The Securities Industry and Financial Markets Association, the International Swaps and Derivatives Association, and the Futures Industry Association have told the Commodity Futures Trading Commission that the 1934 Securities Exchange Act’s Rule 10b-5 not be the model for how it polices market manipulation under the Dodd-Frank Wall Street Reform and Consumer Protection Law. In a comment letter, SIFMA, FIA, and ISDA told the CFTC not to impose additional duties of inquiry, disclosure, or diligence during bilateral transactions on sophisticated parties.
The groups were responding to a rule proposal involving the CFTC expanding its authority over manipulative and fraudulent conduct. CFTC says the proposal was patterned on Rule 10b-5 and Section 10(b). They contend that securities law standards, such as Rule 10b-5, are hard to adapt and “largely inapplicable” to the derivatives and future arena because the two market frameworks have key structural differences. They want the CFTC to “adopt an antifraud rule” that takes “into account the nature of material information in these markets and the types of duties that may exist.”
The associations also want the CFTC to give guidance that offers market participants clear principals on how to distinguish between “prohibited manipulative conduct” and “legitimate competitive trading practices.” In addition, they want “extreme recklessness” as the scienter standard and any anti-manipulation rule’s scope clarified in regards to the CFTC’s current anti-manipulation authority. ISDA, FIA, and SIFMA want commercial traders to be allowed to trade using their own, nonpublic data about company-specific assets and liabilities.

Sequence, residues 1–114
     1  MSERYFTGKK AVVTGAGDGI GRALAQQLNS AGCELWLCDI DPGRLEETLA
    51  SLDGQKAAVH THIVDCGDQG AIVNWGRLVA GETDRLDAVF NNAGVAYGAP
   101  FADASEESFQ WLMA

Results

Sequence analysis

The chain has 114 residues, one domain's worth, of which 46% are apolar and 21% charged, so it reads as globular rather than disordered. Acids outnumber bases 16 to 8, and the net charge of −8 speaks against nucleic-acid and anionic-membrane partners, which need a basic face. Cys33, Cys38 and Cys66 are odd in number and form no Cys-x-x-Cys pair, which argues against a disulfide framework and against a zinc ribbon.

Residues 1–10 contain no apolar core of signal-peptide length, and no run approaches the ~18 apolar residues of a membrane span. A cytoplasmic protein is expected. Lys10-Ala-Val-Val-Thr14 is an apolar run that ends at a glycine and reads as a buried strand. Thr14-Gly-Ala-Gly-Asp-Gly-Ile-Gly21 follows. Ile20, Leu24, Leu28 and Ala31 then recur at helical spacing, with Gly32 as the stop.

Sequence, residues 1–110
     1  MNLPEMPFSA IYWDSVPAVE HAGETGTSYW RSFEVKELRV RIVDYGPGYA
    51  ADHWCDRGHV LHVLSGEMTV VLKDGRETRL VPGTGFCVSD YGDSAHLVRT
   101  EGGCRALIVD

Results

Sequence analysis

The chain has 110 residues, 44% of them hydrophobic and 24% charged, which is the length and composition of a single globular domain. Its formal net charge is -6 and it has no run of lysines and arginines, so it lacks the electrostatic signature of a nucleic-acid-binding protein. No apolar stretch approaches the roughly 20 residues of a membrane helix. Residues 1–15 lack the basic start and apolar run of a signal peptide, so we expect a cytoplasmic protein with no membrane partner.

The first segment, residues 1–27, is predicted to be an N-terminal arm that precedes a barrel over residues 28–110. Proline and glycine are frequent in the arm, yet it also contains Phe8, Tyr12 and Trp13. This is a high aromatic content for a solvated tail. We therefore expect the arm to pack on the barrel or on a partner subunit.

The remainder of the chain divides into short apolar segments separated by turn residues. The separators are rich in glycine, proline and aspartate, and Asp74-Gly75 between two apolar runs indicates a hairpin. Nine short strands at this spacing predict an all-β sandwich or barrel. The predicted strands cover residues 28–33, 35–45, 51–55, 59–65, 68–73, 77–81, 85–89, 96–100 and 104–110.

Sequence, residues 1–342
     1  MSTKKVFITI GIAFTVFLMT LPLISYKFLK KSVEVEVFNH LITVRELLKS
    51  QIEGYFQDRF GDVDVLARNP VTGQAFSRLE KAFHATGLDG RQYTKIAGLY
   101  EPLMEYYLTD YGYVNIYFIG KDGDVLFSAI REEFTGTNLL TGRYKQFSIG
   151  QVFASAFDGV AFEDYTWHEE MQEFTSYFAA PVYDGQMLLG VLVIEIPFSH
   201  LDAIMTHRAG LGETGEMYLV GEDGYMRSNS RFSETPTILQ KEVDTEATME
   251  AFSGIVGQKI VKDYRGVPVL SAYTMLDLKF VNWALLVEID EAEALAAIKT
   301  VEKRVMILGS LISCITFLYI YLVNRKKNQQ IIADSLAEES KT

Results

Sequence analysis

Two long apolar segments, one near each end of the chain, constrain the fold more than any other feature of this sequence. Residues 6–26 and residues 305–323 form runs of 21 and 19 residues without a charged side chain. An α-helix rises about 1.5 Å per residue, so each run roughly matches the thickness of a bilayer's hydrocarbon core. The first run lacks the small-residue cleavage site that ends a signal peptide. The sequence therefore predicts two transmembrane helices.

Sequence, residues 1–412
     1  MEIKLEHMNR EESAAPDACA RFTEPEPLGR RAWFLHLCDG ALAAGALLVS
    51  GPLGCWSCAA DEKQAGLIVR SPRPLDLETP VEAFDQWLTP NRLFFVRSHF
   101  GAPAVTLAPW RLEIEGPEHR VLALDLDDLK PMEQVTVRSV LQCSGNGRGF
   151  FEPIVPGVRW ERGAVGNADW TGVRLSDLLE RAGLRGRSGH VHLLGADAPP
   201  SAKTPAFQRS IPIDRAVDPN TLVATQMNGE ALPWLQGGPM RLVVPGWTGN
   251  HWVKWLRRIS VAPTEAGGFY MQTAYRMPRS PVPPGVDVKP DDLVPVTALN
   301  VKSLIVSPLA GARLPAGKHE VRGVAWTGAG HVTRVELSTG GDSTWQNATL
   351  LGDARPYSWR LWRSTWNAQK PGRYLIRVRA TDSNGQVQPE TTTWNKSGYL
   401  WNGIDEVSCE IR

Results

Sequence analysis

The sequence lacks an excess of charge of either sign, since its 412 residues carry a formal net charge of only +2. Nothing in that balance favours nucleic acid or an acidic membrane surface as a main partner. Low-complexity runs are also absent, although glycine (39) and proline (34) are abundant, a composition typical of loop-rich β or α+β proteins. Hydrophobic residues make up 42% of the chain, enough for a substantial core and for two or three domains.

Shepherd Smith Edwards and Kantas Founder and Securities Fraud Lawyer William Shepherd has this to say: “Our country has just experienced the worst securities debacle in nearly 90 years, which many experts claim was largely caused by deregulation of the securities industry. Despite the ineffectiveness of watered-down securities regulation, the Commodities Industry fears being held to even this weak standard. First among these fears is that those who market commodities contracts to the public may be held to a similar duty as those selling securities. When smooth-talking phone jockeys call dangling profits and little or no risk they should be held responsible for their actions. In other words ‘there ought to be a law.'”
Securities Industry and Financial Markets Association
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